Photoessay: Museo Alfa, part III

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Continued from parts I and II

In the early days, there really wasn’t that much difference between the race cars and the road cars; often one and the same would be seen at Monza, Le Mans or Spa or the other endurance road courses. The predecessor to Formula One differed a little since those were purpose-built single seaters. But for the most part, there wasn’t anything like the massive differences we see today – even a high end sportscar like a 911 GT3 is still quire different from the actual GT3s that go racing; to say nothing of touring cars, NASCAR and rally – those are basically completely different cars that merely happen to share a deliberately similar looking body. I found the machinery from the early days of racing absolutely fascinating and thoroughly frightening at the same time: notice the lack of seatbelts, tiny brakes, minimal cockpit enclosure, those thin bias-ply radials that would be small on a Prius, and the seat made up entirely of the fuel tank (!). The roll bar is your head, protected by a a very impact-resistant pith helmet. Things got a little better later on, but that spare tire looks to be an unrestrained projectile in the event of a crash. Motorsport is still dangerous today, but nothing near as binary as it used to be. Either you were the champion, or you became one with your machine – permanently. MT

This series was shot with a Nikon Z7, mostly the 24-70/4 S and my custom SOOC JPEG profiles.

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Photoessay: Museo Alfa, part II

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Continued from part I

I think of this set as being full of very distinctive details of a particular era – yet there is crossover and overlap and transition between them. Even though the continuity is present, there’s a very clear looping back to the historical cars after the late 80s/ early 90s – at this point we see a divergence. The exotics retain the volume of recent vehicles, but gain the curves, lines and surfacing of 40-50 years prior. The mass vehicles just start looking a little melted and lose that sharp definition of the Bertone-era; where Alfa is in the present day is yet another mix of those two: more definition, larger volumes, but also more adventurous curves. As a designer, it’s interesting to see these particular details evolve and get re-referenced from other cars in their history; also to see what was kept and in doing so, signals a brand’s particular identity. Sometimes the most unusual or distinctive elements land up reused in the most unexpected places. Plenty of food for thought here… MT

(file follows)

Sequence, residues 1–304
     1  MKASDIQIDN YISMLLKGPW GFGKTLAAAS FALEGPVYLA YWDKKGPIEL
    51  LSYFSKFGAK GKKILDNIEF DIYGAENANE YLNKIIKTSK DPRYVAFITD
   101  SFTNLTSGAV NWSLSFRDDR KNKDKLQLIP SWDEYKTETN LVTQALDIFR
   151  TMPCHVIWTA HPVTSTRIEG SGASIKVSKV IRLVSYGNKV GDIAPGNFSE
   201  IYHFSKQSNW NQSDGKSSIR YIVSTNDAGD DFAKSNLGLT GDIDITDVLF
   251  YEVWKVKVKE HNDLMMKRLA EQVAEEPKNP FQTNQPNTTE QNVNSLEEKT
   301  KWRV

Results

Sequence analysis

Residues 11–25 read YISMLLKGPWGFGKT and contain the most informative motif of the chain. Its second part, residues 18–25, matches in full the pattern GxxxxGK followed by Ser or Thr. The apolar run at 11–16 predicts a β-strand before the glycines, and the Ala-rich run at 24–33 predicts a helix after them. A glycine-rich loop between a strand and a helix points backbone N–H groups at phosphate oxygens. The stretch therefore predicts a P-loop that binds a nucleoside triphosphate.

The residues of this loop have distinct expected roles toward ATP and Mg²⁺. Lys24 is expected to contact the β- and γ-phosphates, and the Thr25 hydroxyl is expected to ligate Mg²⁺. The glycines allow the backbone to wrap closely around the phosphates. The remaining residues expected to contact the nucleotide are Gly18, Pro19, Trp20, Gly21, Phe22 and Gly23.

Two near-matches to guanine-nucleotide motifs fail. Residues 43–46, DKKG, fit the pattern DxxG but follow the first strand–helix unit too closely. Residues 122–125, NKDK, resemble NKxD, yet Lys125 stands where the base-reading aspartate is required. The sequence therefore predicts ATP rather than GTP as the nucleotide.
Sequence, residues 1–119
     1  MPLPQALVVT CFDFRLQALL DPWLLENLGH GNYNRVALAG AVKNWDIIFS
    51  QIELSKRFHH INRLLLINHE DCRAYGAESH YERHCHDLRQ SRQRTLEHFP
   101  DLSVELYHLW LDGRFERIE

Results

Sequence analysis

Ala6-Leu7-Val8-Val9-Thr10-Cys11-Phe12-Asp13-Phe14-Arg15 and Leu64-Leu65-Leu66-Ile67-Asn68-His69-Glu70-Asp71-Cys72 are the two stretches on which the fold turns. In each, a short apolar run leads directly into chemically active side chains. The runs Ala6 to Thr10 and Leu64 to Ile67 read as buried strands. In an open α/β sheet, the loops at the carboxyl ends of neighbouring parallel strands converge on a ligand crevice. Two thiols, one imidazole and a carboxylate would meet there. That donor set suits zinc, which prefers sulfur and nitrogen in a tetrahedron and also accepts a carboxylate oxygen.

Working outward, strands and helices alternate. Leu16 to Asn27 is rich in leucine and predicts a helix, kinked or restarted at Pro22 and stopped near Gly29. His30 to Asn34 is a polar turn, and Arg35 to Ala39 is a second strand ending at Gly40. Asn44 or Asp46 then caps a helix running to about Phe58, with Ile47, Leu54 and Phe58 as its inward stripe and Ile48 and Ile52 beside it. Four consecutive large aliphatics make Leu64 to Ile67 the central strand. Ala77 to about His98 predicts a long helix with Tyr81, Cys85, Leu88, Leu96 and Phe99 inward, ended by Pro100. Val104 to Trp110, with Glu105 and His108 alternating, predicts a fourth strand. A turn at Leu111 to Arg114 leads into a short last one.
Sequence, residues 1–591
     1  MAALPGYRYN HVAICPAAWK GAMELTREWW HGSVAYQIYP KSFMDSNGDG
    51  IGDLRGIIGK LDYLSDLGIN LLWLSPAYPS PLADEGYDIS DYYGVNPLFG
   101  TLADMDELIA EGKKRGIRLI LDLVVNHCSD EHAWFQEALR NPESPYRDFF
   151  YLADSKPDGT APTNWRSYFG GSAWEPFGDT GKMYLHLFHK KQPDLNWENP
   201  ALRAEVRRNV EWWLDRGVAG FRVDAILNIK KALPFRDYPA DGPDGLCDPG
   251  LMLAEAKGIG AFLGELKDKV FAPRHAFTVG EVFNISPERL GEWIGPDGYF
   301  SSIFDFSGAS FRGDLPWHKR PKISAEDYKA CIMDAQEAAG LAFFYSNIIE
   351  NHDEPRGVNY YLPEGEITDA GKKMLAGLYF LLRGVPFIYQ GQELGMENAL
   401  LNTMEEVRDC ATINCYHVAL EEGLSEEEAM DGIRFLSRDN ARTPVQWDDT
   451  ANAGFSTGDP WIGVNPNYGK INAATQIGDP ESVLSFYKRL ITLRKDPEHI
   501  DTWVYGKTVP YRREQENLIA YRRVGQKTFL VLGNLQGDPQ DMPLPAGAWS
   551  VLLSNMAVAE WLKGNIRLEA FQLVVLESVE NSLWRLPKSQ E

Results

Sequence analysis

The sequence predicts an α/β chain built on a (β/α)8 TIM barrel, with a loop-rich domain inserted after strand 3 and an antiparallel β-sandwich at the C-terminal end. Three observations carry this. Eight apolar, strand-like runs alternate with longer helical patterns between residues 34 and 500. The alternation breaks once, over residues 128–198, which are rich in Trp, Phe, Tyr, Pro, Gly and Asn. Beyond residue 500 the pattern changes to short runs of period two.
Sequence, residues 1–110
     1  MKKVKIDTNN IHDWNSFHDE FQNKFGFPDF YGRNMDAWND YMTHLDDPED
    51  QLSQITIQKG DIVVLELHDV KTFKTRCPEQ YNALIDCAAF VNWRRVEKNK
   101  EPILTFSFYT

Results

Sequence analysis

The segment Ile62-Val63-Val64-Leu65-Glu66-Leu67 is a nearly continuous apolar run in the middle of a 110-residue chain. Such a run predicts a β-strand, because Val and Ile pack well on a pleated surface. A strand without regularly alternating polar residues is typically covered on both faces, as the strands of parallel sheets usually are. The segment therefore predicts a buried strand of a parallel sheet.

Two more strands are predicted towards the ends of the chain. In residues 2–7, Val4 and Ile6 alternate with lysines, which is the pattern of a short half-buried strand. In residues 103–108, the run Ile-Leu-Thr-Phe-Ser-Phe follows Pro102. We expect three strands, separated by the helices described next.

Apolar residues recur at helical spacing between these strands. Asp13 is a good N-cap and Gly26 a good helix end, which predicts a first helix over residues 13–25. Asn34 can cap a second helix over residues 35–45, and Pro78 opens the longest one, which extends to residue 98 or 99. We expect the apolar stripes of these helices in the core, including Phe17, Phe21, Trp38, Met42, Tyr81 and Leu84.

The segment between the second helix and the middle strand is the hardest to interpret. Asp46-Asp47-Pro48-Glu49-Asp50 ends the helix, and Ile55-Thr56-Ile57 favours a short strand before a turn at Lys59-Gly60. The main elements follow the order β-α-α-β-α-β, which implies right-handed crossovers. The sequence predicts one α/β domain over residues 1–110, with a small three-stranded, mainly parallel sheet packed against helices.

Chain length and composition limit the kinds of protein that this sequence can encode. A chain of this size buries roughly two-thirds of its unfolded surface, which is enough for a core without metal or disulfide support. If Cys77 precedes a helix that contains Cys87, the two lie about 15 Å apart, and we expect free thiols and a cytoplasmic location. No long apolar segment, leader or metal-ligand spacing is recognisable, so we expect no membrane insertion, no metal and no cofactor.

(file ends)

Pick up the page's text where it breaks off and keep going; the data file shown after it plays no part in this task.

This series was shot with a Nikon Z7, mostly the 24-70/4 S and my custom SOOC JPEG profiles.

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Photoessay: Museo Alfa, part I

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I had the opportunity to spend a day photographing the cars at the Museo Storico Alfa Romeo just outside Milan. It wasn’t just the famous cars that were interesting – there you already sort of knew what to expect, so it was more a case of finding interesting angles. The real treasures were the ones you didn’t know about – the lines, the curves, the detailing all speaking to a time when a lack of mass production and regulation allowed for a lot more variety. Can you imagine a car that wasn’t symmetrical left to right today, due to hand beaten panels? Or with red front lamps? Coming from a time when it’s getting increasingly difficult to differentiate between one brand and another…let’s just say it was a refreshing change, and yes, they really don’t make them like they used to (rust jokes aside). MT

Part one of several, probably.

This series was shot with a Nikon Z7, mostly the 24-70/4 S and my custom SOOC JPEG profiles.

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Photoessay: Museum

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There are some places you visit where the weight of accumulated history is so great that you can’t help but feel it everywhere you go; at times you feel like you’re walking through a living museum of sorts. Part of that is probably because of the accumulated objects, part of that is because of the people who’ve been living with those accumulated objects for so long that they’ve become a part of them in a way. There’s no denying that culture and society are both path dependent and self-reinforcing; yet I wonder to what degree popular culture is making things oddly homogenous across a much larger distance than before. ‘Culture’ is an interesting term because it’s come to mean similar things across the world: the arts, the erudition and gentility. I suppose we should be thankful it isn’t the size of your bank balance or number of nuclear missiles…MT

This series was shot with an iPhone 11 Pro and edited in-phone, except for the second image, which was shot with a Nikon Z7, a 24-70/4 S and my custom SOOC JPEG profiles.

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Photoessay: The Singapore Art Science Museum

The contents of the museum aren’t particularly interesting, but the building itself is quite the architectural curiosity. I particularly like the oculus at the top that admits both light and rain; the latter which happens frequently in a tropical country, leading to some interesting effects in the pool below. I can’t say the building’s design was that clever, though; useable space seems pretty low. The entrance feels very much modeled on the Louvre pyramid. MT

Series shot with a Nikon D3100 and AFS 24/1.4 G.

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